A recent discussion on the Quiltart list about using and hoarding blank sketchbooks has led me to my new year's commitment- make journaling a part of my daily life again. I have shelves of journals, but I have let the habit drop the last two years, except when I was working on a specific project that took pen and paper.
My January workshop (artist journey/artist journal) is one with a journal habit focus -- and I'm a bit embarrassed to admit my own laxity. So, guess this is a good time to resume. One decision: now that I'm relying often on my iPad for day-to-day notes and resources, do I go to an electronic journal, like a special notebook on Evernote or Circus Notebooks, or even Bento? Or find another software (a task in itself!) Or use paper book and iPad both? Or make a back-to-paper decision, since it's just more of an object that has the sensory pleasures of tactile and linear time inherent and intact. I really love electronic media, and unlike many artists and non-artists alike, find that it has amazing and interesting and full of creative potential. I love taking photos to spark art work; like the instant alterations possible with photo and art apps; just love exploring the mixed media aspects of the screen. I still want to buy a stylus and try working enscreen with that kind of interface.
A commitment to daily private journaling would be different than the (not so regular) blogging I did this year. one doesn't like to whine in public, does one? But electronically, would it feel the same?
And back to the Quiltart discussion -- seems there are a lot of people out there who collect the beautiful books, blank sketchbooks with lovely papers, but rarely use them, at least not beyond a few days. I do have some suggestions, ones that work. And, those I'll be tackling myself to get back in the habit, before my workshop January 21.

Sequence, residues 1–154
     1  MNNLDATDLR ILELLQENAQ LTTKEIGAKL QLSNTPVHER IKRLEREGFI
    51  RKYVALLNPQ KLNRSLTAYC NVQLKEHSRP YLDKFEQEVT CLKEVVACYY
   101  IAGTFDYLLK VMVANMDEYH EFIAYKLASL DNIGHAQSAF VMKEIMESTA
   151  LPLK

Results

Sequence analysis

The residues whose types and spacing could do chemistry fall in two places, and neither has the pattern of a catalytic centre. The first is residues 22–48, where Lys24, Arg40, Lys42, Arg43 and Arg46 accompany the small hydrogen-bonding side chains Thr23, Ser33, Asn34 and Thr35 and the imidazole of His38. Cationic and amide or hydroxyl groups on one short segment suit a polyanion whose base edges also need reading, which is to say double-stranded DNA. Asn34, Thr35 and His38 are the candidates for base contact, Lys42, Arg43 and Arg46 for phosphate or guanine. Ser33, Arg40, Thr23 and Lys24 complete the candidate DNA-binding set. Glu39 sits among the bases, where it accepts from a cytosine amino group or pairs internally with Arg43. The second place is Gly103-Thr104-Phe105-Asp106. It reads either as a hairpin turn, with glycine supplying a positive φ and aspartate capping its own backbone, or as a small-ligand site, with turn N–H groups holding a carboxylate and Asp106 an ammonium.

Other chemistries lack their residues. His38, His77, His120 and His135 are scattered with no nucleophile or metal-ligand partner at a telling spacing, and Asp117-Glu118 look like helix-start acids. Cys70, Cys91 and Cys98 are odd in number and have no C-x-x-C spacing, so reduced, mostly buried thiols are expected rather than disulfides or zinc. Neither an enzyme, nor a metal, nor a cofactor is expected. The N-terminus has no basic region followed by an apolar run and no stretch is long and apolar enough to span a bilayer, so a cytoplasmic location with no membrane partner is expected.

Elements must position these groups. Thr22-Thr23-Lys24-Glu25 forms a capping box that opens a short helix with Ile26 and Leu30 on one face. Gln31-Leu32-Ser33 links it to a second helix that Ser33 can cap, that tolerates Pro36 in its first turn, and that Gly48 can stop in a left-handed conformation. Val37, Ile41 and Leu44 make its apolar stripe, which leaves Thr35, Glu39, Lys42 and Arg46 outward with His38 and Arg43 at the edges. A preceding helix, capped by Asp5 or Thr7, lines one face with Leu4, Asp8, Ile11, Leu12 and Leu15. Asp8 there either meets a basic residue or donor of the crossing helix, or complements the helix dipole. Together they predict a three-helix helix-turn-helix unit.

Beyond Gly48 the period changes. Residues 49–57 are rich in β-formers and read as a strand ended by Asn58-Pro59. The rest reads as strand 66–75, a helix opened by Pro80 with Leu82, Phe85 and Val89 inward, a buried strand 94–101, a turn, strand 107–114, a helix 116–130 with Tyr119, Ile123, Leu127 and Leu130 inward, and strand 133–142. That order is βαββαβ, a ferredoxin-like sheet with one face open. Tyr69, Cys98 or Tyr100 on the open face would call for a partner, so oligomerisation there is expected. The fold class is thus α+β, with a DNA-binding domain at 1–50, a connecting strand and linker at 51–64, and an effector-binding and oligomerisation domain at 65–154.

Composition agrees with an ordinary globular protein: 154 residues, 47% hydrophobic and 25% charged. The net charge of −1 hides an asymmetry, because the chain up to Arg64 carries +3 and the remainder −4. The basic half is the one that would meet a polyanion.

First, answer a why: Why do you want to keep a sketchbook or artists's journal? What purpose can you imagine it serving? We are all too busy to do things without reason. Here are a few reasons to consider:
To deepen your work and path as an artist
To document your work process and creative process so that you can be more productive and more conscious of your process
To give you references and resources and inspirations for a particular project or series of work
To organize all those scraps and bits and pieces that you collect in a month, a season, a year
As a way to move past blocks, the inner critic, the unexamined things that keep you from your work as an artist ( for this, I recommend Artist Pages a la The Artists Way by Julia Cameron)
To record your work in process
To record creative action and work so that at the end of the year you know what and where you have been
As a work of art in itself -- artist journaling as an art form can combine or contain any of the other reasons and purposes, but the opposite is not necessarily true. I have never thought of my journals as works of art, and no one would think so to see them, but I do enjoy seeing the work of those who do journal that way.
As art and skill practice. For example, journals with a drawing a day, an art quilt journal with a small quilt each week, a sketch diary carried and used daily to improve drawing skills, etc.
So what's your purpose?
And are you committed to that purpose?
Here's what Seth Godin had to say about that today:
The reason productivity improvements don't work (as well as they could)
GTD, 18 minute plans, organized folders... none of them work as well as you'd like.
The reason is simple: you don't want to get more done.
You're afraid. Getting more done would mean exposing yourself to considerable risk, to crossing bridges, to putting things into the world. Which means failure.
The leap the lizard brain takes when confronting the opportunity is a simple formula: GTD=Failure.
Until you quiet the resistance and commit to actually shipping things that matter, all the productivity tips in the world aren't going to make a real difference. And, it turns out, once you do make the commitment, the productivity tips aren't that needed."
You don't need a new plan for next year. You need a commitment.
Tomorrow (or next day) i'll Iist some fun ways to engage in journaling, no matter your purpose,-- and, if you're in the area, there is still room in the workshop next month at El Cielo Studios.